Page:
US envoy says gangs are trying to force the Kikuyu people out of the Rift Valley.
On Wednesday, Frazer said machete-wielding gangs had burnt homes and businesses in the western province, and were trying to force out the Kikuyu people, the tribe of Mwai Kibaki, the president.
“If they do document any instances of atrocities, we’ll have to look at what next steps to take, but at this point we’re not there yet,” McCormack said.
“Very often, the case with these kind of circumstances is that you don’t have a full understanding, a complete picture of what happened until after the situation is over and things have calmed down,” he said.
“We have orders to shoot to kill these categories of people if they are caught in the act.”
“Police will henceforth be very forceful on groups of persons carrying out activities that threaten the lives and property of others,” Eric Kraithe, Kenya’s police spokesman, said.
Al Jazeera’s Yvonne Ndege, reporting from Nairobi, said that police officials had told her that there was no explicit shoot-to-kill order, but the law allowed police officers to shoot on sight any people threatening life or property.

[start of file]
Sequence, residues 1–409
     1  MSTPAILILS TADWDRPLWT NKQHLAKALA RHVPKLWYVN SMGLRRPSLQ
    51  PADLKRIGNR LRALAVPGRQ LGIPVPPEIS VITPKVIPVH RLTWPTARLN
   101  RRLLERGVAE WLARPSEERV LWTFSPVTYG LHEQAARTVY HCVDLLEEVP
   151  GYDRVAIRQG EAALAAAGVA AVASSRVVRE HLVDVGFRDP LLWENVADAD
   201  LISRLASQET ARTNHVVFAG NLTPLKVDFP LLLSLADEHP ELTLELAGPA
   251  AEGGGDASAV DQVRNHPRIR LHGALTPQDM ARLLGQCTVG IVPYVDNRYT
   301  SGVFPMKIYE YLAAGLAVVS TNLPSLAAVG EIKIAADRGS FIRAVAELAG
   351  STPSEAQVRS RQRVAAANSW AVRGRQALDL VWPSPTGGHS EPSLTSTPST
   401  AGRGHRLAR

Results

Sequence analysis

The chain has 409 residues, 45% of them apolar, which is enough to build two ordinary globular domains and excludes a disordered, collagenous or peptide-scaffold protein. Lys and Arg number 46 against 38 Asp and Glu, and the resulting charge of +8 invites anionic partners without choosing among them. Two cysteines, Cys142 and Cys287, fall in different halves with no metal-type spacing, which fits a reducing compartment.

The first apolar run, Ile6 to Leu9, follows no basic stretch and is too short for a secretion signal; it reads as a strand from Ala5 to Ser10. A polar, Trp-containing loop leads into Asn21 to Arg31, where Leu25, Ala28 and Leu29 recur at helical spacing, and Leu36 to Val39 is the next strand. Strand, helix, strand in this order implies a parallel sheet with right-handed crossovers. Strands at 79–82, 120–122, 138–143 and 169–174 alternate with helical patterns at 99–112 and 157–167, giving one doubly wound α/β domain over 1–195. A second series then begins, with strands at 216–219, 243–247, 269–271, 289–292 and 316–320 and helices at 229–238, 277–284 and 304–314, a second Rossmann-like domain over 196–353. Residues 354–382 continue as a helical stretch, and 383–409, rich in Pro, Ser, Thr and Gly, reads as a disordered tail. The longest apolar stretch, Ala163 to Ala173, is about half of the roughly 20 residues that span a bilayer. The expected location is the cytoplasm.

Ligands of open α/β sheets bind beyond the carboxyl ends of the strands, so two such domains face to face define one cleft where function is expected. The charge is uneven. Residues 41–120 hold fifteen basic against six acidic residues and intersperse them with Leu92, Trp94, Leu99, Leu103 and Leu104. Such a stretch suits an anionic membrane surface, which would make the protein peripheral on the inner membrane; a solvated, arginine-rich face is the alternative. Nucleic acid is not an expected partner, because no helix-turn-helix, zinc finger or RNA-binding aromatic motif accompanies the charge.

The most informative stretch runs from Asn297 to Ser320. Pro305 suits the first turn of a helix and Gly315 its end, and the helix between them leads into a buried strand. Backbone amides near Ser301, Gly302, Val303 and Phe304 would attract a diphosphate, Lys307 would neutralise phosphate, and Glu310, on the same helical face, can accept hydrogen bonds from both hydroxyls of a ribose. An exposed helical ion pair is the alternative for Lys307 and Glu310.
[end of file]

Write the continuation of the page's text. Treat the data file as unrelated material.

Similar orders were given in January when police officers came under attack from gangs.
|The violence led to hundreds of
thousands internally displaced [GALLO/GETTY]
Talks between Kibaki and Raila Odinga, the opposition leader who accuses the president of rigging the election, began in the capital on Tuesday with both men calling for calm.
Deng specified that he was not saying that anything that had happened so far in Kenya amounted to genocide.
Meanwhile, Amnesty International (AI), the London-based rights group, called for the protection of several Kenyan human rights defenders and activists who have received death threats.